Traumatic brain injury (TBI) is a complex process encompassing three overlapping phases: a) primary injury, b) secondary injury and c) regenerative responses. Systemic administration of granulocyte-colony stimulating factor (G-CSF) represents a novel approach for reinforcing the brain's self-repair, especially during the secondary and regenerative phases.
The Specific Aims of this research program are designed to test the hypotheses that a) G-CSF indirectly enhances brain repair by promoting infiltration of bone marrow-derived cells (BMDC) to brain, modulate neuro-inflammatory processes and secrete trophic factors;b) G-CSF directly interacts with its neural cells receptors to trigger intra-cellular signaling cascades that decrease cell death and promote neurogenesis.
Aim 1 will determine the optimal dose of G-CSF and the recovery time-course of behavioral deficits after TBI in mice. Non-irradiated mice will be used to ensure the effects of G-CSF are not confounded by whole body irradiation and bone marrow transplantation (BMT). Motoric function (biased swing activity;rotarod) and behavioral (water maze) end-points will be assessed in mice at baseline, 3, 7, and 14 days after TBI. Secondary endpoints will measure a) lesion volume, b) extent of microgliosis and astrocytosis and c) brain regional levels of cytokines.
Aim 2 a. To assess the extent of BMDC mobilization triggered by TBI and modulated by G-CSF, the phenotypic fate and distribution of green fluorescent protein (GFP+) BMDC in chimeric mice brains will be determined using immunofluorescence to identify microglia, astrocytes, and neuron-like cells that co-express GFP. The time-course of infiltration of GFP+ BMDCs will be determined by assessing total GFP+ burden ipsilateral and contralateral to the TBI at 3, 7 and 14 days after injury.
Aim 2 b. To determine the extent to which BMDC penetration into brain is responsible for enhanced TBI recovery, the infiltration of BMDC into the central nervous system (CNS) will be attenuated or blocked with agents that block chemokine signaling to monocytes or utilization of mice with a knockout of the chemokine receptor CCR2. Enhanced recovery despite inhibition of BMDC mobilization will support the hypothesis that direct actions of G-CSF on neural cells play a major role.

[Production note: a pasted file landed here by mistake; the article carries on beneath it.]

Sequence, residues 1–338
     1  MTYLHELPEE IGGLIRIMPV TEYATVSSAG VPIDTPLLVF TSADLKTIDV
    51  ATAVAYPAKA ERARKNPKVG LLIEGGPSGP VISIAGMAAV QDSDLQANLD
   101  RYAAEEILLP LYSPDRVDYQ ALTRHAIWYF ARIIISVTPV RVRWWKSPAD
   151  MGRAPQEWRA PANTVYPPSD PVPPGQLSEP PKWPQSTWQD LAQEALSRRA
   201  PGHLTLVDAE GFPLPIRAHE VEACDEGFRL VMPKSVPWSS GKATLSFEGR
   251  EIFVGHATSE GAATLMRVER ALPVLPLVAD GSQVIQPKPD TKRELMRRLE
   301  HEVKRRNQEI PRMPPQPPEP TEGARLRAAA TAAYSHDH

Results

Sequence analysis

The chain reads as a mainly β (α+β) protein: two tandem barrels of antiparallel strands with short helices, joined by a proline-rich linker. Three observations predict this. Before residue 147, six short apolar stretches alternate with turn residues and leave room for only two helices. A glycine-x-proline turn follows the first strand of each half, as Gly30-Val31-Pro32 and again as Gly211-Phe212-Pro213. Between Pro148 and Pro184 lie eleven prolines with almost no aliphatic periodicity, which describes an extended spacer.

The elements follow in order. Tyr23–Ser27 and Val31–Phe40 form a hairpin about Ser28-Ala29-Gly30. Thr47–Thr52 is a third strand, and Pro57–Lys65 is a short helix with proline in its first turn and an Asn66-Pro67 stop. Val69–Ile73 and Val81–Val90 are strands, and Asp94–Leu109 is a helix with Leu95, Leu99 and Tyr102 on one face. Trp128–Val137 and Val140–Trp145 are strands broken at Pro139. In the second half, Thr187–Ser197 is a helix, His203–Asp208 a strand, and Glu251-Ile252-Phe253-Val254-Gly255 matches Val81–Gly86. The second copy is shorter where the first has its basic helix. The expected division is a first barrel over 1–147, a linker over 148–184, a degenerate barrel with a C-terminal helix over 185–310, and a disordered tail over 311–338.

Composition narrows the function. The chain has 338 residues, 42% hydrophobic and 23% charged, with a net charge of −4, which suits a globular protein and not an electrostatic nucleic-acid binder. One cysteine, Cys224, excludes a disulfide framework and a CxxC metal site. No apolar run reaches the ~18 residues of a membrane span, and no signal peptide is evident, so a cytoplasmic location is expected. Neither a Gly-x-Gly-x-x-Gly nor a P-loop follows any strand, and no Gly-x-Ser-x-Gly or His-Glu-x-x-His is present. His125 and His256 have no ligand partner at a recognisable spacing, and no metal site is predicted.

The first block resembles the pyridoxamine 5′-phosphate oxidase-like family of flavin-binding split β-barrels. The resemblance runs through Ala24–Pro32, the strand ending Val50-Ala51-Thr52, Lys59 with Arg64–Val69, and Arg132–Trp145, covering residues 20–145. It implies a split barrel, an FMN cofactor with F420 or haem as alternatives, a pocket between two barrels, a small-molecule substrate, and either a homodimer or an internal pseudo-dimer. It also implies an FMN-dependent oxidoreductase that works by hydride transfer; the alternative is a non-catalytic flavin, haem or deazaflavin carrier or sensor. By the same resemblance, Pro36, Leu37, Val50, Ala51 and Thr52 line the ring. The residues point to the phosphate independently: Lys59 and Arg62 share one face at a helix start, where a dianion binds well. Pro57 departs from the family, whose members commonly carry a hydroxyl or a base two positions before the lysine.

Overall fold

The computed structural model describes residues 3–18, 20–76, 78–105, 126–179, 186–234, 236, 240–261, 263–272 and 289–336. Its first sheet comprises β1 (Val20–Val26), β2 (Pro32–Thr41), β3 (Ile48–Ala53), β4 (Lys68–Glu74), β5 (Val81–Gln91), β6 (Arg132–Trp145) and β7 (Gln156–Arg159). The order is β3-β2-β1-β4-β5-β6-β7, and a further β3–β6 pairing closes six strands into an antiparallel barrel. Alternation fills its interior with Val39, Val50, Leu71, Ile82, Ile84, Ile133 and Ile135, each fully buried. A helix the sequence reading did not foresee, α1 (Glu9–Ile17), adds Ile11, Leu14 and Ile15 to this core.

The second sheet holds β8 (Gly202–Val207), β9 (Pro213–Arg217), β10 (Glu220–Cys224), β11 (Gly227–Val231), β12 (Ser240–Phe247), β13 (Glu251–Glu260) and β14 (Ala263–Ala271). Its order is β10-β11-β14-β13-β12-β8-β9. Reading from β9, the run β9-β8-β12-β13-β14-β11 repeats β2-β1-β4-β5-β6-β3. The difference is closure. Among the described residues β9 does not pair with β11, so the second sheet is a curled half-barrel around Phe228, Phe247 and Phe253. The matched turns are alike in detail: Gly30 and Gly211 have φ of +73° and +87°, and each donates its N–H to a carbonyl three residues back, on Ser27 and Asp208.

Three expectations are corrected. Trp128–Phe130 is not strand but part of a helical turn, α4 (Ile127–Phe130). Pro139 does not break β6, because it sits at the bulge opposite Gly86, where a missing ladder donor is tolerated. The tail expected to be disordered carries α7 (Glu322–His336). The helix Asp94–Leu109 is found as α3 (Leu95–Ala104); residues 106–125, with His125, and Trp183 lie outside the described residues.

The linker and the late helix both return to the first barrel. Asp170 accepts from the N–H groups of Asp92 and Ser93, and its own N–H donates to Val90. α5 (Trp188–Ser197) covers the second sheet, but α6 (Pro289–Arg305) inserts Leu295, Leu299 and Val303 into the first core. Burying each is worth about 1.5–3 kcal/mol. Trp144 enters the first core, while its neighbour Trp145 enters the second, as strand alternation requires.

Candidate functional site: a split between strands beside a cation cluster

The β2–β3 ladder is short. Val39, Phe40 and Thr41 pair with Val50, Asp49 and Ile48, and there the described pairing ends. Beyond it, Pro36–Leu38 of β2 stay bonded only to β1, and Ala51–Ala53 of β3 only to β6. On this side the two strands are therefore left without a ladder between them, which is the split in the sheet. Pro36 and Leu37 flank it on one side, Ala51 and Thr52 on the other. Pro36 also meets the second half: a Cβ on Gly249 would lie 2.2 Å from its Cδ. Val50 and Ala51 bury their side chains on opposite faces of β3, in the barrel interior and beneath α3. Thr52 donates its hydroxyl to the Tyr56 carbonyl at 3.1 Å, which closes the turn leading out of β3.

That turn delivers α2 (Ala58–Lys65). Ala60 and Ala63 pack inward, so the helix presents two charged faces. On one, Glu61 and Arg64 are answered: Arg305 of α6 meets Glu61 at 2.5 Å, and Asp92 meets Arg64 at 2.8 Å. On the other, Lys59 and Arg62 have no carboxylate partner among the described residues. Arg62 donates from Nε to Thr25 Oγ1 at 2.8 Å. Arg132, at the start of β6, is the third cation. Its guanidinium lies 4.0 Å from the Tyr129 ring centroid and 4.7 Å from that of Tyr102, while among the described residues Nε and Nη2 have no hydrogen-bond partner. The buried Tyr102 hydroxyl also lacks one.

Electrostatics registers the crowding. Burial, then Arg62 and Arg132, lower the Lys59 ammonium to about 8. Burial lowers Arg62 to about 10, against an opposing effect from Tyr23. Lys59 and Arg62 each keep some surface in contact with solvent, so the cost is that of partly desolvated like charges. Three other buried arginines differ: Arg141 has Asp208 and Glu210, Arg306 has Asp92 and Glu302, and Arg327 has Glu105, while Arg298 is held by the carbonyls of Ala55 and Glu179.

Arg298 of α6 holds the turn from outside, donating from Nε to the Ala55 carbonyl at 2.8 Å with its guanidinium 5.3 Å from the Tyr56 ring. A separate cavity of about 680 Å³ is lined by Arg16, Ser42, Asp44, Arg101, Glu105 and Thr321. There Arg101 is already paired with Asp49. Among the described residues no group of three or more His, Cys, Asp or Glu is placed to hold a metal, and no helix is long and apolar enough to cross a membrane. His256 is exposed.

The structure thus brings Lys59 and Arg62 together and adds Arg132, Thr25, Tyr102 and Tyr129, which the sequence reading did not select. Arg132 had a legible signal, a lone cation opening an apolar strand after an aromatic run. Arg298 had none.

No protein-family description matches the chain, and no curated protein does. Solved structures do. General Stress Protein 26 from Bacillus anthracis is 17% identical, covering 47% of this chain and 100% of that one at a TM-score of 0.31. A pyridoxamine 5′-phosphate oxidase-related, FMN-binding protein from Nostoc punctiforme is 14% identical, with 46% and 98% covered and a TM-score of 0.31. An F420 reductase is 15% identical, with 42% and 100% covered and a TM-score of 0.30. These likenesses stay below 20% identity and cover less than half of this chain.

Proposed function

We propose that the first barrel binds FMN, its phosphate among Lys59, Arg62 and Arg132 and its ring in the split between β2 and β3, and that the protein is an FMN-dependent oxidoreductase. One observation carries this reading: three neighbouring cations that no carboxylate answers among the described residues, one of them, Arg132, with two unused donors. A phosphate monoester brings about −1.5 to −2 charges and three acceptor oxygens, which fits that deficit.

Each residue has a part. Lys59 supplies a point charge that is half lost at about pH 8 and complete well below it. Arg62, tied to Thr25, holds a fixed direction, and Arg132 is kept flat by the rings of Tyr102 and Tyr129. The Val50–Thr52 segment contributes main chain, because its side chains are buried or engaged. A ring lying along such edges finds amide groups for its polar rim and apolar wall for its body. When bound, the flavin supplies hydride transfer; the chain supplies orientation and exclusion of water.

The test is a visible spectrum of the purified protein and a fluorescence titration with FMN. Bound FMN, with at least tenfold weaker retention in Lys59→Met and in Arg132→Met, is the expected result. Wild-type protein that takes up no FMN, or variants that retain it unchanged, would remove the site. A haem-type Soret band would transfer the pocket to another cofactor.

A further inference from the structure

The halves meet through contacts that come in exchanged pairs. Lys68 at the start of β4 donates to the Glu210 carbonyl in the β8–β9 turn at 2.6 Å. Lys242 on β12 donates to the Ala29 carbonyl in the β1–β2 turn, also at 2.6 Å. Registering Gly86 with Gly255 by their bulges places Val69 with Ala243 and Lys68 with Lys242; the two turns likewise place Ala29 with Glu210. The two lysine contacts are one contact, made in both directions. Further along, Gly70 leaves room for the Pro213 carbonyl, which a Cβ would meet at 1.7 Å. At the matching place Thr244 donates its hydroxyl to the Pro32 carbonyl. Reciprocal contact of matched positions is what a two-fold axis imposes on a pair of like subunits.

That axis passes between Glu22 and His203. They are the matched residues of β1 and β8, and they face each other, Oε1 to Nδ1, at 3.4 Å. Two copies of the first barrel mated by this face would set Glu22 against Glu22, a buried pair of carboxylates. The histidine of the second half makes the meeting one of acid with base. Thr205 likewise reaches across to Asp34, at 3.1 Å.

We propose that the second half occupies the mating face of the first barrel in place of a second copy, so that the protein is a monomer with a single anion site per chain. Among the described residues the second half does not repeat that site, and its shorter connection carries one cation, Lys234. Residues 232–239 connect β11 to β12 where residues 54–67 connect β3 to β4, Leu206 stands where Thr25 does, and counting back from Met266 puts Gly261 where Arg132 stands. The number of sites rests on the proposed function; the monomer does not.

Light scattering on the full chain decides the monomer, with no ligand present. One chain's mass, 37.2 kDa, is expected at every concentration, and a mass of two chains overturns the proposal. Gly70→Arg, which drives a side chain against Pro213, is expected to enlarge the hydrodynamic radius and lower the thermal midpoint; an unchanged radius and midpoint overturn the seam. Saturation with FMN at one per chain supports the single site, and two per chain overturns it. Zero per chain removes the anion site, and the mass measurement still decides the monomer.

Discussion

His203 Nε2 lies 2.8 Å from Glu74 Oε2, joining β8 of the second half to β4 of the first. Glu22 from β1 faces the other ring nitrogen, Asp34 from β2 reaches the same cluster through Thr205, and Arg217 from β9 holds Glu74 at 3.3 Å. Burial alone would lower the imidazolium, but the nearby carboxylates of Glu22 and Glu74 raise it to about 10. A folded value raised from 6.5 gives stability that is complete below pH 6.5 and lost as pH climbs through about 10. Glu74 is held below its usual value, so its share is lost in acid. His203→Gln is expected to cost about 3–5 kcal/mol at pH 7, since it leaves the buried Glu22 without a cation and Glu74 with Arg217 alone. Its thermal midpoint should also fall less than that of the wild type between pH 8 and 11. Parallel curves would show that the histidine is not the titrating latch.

Aim 3. To investigate the direct effects of G-CSF action on neural cells, the molecular impact of these cytokines on signal transduction, apoptosis and neurogenesis will be assessed in neural cell cultures. Results from this analysis will be compared to molecular analyses of signal transduction and anti- apoptosis in tissue samples dissected from TBI brains treated with G-CSF or vehicle. Methods: Chimeric mice will be generated that harbor GFP BMDCs to permit tracking the distribution and phenotypic fate of BMDCs that infiltrate the brain after TBI. Surgery: TBI will be delivered with a pneumatically driven controlled cortical impact (CCI) device to mice. Behavioral Assessments: Analyses of motor asymmetry (EBST), rotarod test and Water Maze (MWM). Endpoints: a) changes in behavior;b) changes in lesion volume;c) extent, distribution and phenotypic fate of GFP+ BMDC in brain assessed by double-labeling procedures;d) changes in cytokine profiles in brain regions;e) changes in signal transduction (PKC-?), Bcl2. Expected Results: G-CSF will modulate BMDCs infiltration and enhance recovery of behavioral deficits. Improvement of neurologic deficits will shown to be related to a combination of actions including a) changes in brain infiltration of BMDC;b) secretion of cytokines that promote neurogenesis;c) up-regulation of anti-apoptotic signaling triggered by G-CSF acting directly on its receptor in neural cells.

Public Health Relevance

Military personnel serving in Iraq and Afghanistan and victims of terrorism-related attacks are at high risk of sustaining traumatic brain injury (TBI). Standard treatments are inadequate in light o the profound long-term disability documented in survivors of TBI. Novel approaches are necessary that reinforce the brain's natural self-repair response. G-CSF is a blood cell growth factor that stimulates generation of blood stem cells and white blood cells. This agent has been shown in animal experiments to enhance brain stem cell generation and to protect against brain cell death following stroke. Successful completion of this project in a mouse model of TBI will demonstrate that delivery of these agents will promote recovery from neurologic deficits. This project will provide support for translation to clinical studies in which G-CSF is administered within days of the injury to facilitate recovery from TBI.

National Institute of Health (NIH)
Veterans Affairs (VA)
Non-HHS Research Projects (I01)
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Neurobiology C (NURC)
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James A. Haley VA Medical Center
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